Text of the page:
Footnote or foundation? The pre-history of Touch And Go records
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Touch And Go is celebrated as one of Chicago’s most important independent record labels, its history glorified during its 25th-anniversary festival in 2006 and memorialized in the wake of last year’s surprise dissolution of the company by owner Corey Rusk. But a new book by Tesco Vee and Dave Stimson offers an alternate history of the label and, more specifically, the publication that spawned it. In 1979, the two Lansing, Mich. punk fans started a small zine, covertly Xeroxed at the school where Vee was a teacher. Though early issues were seen by mere dozens (including a teenage Rusk), this month’s publication of the 576-page Touch and Go—The Complete Hardcore Punk Zine ’79-’83 promises to spread the T&G message further. In advance of his appearances this Saturday discussing the book at Quimby’s and playing with the Hate Police at the Abbey Pub, Vee spoke with The A.V. Club about being a zine mastermind and a label footnote.
Tesco Vee: When I started a band, I wanted to kind of go for the throat and get people’s attention, so that’s why I came up with really ridiculous titles like “Crippled Children Suck” and “One Down Three to Go,” after John Lennon was shot.
AVC: But even though the magazine features lots of humor, some negative reviews, and some rants, it’s mostly an incredibly positive publication. You guys were really excited by British indie and American hardcore records, and Touch And Go is mostly about gushing over things you love.
TV: For people who don’t like me or don’t like my humor, this book might make them look at me a little differently. Apparently I’m not just a one-dimensional poop and boner guy.
AVC: You cover Chicago in the book a little, notably The Effigies, and there’s that great letter from a teenage Jay Yuenger (of Rights Of The Accused and White Zombie) about getting beat up by T.S.O.L., but in the introduction you say the main thing you loved about Chicago was the Wax Trax record store.
TV: We would drive 220 miles every couple of months to go to Wax Trax. Walking in there was always like Christmas morning. The new-release 7-inch bin was filled with UK Subs, every color vinyl, lots of imports. And the owner Jim got to know us after a while, and he’d say, “I got something for you in the back,” and he’d come out with some rarity, like the French pressing of Joy Division. Dave’s girlfriend was living there at the time, so he’d get to have a conjugal visit while I sat there in the car and waited.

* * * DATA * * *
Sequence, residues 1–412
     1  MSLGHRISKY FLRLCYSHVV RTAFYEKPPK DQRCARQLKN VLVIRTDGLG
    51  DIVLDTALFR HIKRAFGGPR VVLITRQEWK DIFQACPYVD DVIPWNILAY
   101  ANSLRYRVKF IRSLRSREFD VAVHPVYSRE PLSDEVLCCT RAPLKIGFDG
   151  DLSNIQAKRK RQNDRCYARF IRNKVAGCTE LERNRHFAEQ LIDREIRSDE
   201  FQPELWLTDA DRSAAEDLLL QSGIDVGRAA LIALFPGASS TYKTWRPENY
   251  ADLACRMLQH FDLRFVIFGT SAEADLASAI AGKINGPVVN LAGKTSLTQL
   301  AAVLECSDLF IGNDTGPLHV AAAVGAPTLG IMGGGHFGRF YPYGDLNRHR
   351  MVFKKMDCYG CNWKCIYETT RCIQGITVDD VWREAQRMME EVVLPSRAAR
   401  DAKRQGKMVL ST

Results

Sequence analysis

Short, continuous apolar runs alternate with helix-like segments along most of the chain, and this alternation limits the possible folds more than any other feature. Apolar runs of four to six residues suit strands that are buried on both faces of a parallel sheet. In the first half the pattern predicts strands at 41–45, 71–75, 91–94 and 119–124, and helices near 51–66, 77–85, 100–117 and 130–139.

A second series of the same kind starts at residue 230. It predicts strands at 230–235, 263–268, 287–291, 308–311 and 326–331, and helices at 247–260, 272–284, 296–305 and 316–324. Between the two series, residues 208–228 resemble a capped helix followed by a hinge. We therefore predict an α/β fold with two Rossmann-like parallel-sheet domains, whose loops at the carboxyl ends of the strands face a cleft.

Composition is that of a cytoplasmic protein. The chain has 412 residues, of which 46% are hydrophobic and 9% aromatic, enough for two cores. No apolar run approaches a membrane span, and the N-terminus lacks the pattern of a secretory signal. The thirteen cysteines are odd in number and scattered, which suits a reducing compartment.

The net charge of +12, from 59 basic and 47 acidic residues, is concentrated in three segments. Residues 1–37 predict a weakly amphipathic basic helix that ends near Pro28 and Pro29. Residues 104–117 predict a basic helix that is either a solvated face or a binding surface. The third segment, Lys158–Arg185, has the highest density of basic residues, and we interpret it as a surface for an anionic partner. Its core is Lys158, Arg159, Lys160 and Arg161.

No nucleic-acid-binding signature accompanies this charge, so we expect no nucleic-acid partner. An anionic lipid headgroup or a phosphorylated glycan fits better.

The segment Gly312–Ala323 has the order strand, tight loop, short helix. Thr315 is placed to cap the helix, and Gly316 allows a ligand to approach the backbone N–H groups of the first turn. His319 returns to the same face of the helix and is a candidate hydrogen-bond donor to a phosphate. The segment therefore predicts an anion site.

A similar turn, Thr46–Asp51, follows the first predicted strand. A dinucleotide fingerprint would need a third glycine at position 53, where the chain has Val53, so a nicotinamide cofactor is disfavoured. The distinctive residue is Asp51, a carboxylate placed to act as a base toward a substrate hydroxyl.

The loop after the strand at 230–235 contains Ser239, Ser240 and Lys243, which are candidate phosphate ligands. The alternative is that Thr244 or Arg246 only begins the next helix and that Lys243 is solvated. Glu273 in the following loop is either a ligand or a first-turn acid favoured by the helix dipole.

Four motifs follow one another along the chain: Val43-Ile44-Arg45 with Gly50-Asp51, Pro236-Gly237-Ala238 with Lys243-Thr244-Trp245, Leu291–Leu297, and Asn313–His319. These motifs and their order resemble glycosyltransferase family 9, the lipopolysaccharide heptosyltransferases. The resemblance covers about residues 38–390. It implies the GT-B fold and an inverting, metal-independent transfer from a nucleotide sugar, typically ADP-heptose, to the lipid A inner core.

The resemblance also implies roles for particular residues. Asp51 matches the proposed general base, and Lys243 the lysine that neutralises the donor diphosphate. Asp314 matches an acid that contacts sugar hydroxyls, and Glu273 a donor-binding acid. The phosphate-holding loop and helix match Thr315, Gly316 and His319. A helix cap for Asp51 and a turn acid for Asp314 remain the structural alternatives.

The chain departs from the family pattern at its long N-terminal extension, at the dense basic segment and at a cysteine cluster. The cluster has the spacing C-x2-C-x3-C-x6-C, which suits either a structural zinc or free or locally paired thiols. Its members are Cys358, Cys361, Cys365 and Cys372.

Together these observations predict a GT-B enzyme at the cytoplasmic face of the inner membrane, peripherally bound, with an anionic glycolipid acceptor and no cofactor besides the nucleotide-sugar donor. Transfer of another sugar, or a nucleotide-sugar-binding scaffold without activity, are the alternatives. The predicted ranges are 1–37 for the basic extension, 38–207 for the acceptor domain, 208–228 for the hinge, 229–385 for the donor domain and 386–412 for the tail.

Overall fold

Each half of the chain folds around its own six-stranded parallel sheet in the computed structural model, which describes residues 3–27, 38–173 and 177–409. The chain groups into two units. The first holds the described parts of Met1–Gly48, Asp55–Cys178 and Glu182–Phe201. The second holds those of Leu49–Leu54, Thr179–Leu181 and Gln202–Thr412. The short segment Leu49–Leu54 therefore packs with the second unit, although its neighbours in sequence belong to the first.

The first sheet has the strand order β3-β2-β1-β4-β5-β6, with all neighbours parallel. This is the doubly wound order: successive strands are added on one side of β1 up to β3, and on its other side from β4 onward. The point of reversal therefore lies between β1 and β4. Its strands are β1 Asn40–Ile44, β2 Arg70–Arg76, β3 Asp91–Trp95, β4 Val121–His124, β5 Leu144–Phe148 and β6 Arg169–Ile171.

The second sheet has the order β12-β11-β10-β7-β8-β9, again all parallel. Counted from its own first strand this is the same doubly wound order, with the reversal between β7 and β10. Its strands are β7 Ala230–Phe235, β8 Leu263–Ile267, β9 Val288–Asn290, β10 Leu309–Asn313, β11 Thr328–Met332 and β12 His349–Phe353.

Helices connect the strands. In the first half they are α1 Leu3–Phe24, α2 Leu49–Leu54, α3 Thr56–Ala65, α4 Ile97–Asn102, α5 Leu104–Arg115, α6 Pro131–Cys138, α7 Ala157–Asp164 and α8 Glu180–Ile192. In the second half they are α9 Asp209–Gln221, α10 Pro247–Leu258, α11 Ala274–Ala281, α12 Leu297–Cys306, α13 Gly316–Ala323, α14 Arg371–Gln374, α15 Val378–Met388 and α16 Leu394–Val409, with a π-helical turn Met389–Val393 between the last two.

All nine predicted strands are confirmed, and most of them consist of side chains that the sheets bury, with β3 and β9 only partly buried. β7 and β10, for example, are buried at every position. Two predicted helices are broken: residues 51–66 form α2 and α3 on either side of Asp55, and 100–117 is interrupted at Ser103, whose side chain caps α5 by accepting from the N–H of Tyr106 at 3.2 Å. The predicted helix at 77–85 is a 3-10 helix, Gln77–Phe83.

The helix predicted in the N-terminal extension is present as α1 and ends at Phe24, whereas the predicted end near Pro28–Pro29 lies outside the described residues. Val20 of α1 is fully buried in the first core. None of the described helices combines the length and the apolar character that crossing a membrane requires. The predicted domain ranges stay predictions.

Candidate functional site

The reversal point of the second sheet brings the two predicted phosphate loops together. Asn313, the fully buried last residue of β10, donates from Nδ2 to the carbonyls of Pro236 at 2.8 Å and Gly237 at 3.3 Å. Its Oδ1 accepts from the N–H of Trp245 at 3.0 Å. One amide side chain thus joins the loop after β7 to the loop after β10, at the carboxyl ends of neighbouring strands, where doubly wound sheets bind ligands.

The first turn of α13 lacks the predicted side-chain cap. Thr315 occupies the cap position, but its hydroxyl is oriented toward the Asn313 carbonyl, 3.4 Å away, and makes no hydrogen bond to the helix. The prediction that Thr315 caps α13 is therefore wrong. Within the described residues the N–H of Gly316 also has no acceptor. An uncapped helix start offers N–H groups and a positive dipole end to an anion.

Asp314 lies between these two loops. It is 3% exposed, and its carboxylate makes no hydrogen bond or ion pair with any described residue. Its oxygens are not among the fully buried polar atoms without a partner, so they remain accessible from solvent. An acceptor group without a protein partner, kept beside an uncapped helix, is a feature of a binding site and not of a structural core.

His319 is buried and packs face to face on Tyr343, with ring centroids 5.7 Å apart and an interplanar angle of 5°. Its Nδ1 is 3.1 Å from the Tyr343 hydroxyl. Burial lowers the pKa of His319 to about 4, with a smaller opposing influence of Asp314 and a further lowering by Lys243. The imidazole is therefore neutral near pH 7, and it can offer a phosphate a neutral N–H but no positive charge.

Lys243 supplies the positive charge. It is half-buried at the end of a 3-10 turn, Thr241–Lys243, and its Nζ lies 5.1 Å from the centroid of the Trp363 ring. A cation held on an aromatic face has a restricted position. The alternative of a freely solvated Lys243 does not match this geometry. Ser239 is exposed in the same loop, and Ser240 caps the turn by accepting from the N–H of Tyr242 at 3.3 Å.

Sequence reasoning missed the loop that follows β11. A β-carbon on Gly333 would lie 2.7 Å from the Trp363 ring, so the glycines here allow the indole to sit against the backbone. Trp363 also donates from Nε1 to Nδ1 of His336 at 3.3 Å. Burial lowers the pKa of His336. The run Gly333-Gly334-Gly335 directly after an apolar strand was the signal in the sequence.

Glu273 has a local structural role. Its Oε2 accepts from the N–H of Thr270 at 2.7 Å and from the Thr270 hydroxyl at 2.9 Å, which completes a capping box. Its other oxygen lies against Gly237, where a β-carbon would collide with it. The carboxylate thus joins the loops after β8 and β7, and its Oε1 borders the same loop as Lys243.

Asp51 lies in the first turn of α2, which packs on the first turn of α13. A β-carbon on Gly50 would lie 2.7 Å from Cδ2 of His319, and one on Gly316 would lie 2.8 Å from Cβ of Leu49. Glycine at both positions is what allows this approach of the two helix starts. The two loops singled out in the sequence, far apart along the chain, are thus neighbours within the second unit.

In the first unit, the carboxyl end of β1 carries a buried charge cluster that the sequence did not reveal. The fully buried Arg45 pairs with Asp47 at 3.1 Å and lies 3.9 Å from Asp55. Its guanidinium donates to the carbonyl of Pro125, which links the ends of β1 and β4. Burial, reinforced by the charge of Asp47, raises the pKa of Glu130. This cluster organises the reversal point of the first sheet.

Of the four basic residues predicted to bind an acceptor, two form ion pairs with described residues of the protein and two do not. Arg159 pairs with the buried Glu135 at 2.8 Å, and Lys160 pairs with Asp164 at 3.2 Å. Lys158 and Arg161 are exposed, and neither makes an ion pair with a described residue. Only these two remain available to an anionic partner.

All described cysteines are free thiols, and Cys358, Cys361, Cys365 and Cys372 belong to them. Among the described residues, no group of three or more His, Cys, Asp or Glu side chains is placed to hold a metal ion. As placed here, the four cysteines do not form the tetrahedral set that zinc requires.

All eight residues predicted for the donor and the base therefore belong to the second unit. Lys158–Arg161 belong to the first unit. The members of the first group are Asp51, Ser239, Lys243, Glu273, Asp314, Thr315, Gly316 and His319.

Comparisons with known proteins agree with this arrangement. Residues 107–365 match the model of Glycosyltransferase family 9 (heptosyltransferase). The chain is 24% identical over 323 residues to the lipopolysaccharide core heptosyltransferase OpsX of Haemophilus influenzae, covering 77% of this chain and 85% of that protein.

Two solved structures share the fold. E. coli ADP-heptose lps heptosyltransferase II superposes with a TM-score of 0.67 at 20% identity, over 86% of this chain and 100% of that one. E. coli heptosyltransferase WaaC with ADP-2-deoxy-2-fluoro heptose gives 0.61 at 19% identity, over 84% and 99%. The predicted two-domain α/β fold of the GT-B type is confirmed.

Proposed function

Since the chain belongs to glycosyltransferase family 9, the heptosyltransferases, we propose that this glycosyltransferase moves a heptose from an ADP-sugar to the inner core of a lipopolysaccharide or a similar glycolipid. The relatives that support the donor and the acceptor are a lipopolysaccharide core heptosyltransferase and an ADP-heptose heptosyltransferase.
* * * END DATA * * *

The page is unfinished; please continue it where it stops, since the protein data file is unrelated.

AVC: After Corey took over the label from you and moved here, Touch And Go became really associated with Chicago. The magazine and your involvement with the label have been relegated to footnote status.
TV: Sometimes less than that. I was not even mentioned in the documentary video that was played at the anniversary show. Or so I was told, I didn’t go. But Corey and I are on good terms and I’m not gong to badmouth him, I’m just not sure why I was omitted. He did call me and ask me to play at the thing, but I didn’t have a band at the time, though I probably should have gone. It was stupid that I didn’t. You can definitely see the genesis of the label when you look at the magazine, the ads for the first Necros record and the first Fix, which is selling now for $3,500 on eBay.
AVC: How would the label’s legacy have differed if you stayed involved?
TV: If I had retained it, Touch And Go wouldn’t have had the same flavor. It was Corey’s baby. He had some great bands, and he had some bands I wasn’t wild about. He didn’t want anything to do with The Meatmen’s War Of The Superbikes and Juggernaut records. They became big sellers, but Corey was not interested in them, because we were making fun of big rock by playing big rock, which didn’t fit the Touch And Go profile. Because I went to a less honest label I never got paid what I was owed, so Corey and I both lost a lot of money on that decision, but it was his decision and I respect that.
AVC: In the book, Dave viciously rips on obscure DJs and journalists that no one could have heard of outside of Lansing.
TV: His literary haymakers against the music industry were always spot-on. But we got more local than that. There was an older crowd in town that really hated us and we would just pound on the people we didn’t like in the magazine.
AVC: Just regular people, not media or people in bands?
TV: We just got a nice piece of hate mail form a local Lansing guy who had made our readers’ poll as one of the biggest drunks of 1980. He said the magazine’s not worth the paper it’s printed on, but he also thanked me for getting him off booze, over 20 years without a drink.
AVC: He got in touch with you recently?
TV: Yeah he just posted it on a website about the book. “It took assholes like you to make me realize my life was a mess, unmanageable, and out of control.”
AVC: You were changing lives!
TV: It was all about getting people’s attention. I guess sometimes it worked.